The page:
Broadband committee representatives and officials from Blue Hill, Brooksville, Deer Isle and Penobscot have united for the common purpose of improving broadband (high-speed internet) access in their communities. The group has released a request for proposals for the construction of a Fiber to the Premises network, a significant milestone in the effort to make fast, affordable and reliable internet available to every household and business in the affiliated towns.

“While the effort to bring true broadband internet access to the entire Peninsula has been underway for more than three years, the recent pandemic has driven home the need for reliable, accessible internet for our students, medical professionals and their patients, the business community, those who work from home and many others,” said Scott Miller, selectman of Blue Hill. “The poor or non-existent access, coupled with increased state and federal focus on supporting rural broadband efforts, makes it clear that the time to act is now.”

The town representatives selected Bangor-based consulting firm Mission Broadband to advise on the RFP and assist with evaluating proposals received. Recently, there has been encouragement of public/private broadband partnerships through funding opportunities at both at the state and national level. Once a qualified vendor selection is made following the RFP process, the resulting partnership will apply for available grants to lower the towns’ collective costs.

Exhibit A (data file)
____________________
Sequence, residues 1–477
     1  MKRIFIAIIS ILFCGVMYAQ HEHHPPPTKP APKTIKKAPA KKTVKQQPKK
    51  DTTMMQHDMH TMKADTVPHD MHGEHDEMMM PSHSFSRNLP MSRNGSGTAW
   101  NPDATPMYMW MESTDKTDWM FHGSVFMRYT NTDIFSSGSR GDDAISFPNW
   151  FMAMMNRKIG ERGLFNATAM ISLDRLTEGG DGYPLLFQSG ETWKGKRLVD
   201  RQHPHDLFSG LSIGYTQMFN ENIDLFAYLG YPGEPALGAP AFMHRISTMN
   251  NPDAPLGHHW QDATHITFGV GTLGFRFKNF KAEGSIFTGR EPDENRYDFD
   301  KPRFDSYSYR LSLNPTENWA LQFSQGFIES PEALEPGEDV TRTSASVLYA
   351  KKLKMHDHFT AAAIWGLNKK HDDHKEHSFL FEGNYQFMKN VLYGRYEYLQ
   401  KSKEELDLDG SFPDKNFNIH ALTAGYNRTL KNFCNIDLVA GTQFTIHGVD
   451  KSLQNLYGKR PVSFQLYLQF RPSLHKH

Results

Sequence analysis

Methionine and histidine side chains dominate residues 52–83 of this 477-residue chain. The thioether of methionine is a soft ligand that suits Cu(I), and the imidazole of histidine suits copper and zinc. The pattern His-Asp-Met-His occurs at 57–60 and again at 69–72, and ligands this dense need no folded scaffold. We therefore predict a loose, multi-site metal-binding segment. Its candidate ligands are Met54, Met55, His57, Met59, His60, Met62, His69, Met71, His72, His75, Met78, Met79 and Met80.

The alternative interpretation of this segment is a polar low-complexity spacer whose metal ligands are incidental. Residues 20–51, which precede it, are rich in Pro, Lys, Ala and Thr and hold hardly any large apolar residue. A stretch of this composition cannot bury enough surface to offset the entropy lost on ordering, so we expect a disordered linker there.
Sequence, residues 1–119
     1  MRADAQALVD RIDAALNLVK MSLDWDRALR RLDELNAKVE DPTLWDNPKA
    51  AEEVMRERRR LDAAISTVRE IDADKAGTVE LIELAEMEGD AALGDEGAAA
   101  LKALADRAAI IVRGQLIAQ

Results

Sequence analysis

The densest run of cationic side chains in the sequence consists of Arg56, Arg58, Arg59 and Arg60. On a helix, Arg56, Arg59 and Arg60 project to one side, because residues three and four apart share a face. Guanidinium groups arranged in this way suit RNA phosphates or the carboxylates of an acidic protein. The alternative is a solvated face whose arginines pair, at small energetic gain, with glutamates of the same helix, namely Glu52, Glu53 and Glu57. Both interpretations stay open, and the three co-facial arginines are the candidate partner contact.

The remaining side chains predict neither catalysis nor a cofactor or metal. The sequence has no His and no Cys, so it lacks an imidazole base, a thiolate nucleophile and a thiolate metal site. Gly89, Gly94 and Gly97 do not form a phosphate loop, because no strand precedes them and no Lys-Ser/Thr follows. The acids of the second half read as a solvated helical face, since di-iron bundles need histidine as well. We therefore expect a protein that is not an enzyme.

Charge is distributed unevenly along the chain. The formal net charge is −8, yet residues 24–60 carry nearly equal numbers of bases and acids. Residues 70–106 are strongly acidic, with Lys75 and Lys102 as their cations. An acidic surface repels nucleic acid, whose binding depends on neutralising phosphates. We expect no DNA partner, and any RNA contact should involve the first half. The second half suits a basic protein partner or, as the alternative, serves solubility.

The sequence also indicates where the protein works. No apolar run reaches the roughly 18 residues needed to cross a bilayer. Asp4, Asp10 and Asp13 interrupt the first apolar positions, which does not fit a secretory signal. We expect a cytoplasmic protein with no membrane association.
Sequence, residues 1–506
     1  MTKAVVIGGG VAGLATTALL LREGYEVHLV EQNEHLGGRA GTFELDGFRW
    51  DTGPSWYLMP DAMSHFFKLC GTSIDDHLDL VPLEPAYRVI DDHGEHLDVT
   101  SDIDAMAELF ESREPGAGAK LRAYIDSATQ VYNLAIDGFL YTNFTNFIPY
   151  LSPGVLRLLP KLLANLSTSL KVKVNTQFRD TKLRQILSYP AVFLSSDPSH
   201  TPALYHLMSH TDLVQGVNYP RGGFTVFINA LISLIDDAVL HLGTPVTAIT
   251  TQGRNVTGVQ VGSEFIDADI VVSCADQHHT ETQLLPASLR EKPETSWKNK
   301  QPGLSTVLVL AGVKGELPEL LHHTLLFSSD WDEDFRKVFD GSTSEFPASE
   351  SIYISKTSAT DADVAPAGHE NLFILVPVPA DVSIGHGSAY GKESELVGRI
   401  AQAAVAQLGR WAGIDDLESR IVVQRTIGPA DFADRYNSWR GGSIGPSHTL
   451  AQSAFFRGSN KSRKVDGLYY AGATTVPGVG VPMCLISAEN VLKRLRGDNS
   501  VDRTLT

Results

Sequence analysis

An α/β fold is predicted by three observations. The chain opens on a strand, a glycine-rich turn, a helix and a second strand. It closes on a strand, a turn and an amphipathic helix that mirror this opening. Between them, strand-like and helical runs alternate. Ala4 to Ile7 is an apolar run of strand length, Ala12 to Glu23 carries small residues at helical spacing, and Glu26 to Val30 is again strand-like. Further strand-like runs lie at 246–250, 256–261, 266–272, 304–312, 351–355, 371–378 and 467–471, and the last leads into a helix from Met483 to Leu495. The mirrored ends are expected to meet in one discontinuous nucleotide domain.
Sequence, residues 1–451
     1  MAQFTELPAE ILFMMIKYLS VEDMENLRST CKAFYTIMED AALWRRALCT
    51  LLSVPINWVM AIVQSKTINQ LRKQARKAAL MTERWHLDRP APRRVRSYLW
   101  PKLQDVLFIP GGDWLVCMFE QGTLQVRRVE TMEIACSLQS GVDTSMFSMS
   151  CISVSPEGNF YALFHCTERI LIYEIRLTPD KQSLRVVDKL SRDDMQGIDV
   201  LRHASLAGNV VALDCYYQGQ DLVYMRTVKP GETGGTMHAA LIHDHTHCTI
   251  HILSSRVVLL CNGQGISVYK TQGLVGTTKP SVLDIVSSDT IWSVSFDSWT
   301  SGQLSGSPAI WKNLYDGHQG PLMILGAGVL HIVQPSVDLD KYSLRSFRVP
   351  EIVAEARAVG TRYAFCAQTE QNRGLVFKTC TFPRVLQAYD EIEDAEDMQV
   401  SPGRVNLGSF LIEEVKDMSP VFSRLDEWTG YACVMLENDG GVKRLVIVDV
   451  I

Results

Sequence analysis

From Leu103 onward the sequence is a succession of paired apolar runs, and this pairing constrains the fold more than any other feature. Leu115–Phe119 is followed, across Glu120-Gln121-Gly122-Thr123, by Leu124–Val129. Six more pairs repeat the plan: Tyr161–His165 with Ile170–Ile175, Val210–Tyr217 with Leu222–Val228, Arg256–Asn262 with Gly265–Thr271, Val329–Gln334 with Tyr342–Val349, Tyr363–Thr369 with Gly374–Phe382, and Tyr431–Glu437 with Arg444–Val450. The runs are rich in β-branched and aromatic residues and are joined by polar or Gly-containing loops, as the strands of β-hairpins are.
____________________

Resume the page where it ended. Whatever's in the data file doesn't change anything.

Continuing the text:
“We are happy to have this very experienced, national firm lending a hand as we embark on this important step,” said Abbie McMillen, co-chair of the Brooksville Broadband Committee. “We have determined that Mission is one of only two consulting firms in the state that works solely on behalf of communities, so there is no conflict of interest with any of the potential proposers.”

Surveys have shown that internet speeds are nearly universally substandard within the four towns, and frustration has been expressed by residents about the speed and quality of service.

The towns anticipate that the responses to the RFP will clarify the range of potential opportunities to improve the situation, as well as the associated costs.

“It is important to recognize that no agreements that involve any significant town expenditures will be finalized until there is appropriate town approval,” said James Fisher, town manager of Deer Isle. “We hope that our RFP will lead our towns to adopt the most cost effective, reliable solution for improving this critical and now essential infrastructure.”

“The future of Maine towns like Penobscot depends on fiber everywhere to draw the families, entrepreneurs, and others to the beautiful coast,” said Joel Katz, chairman of the Penobscot Broadband Committee. “Fast, affordable and ‘future proof’ is not too much to ask.”

The RFP is available at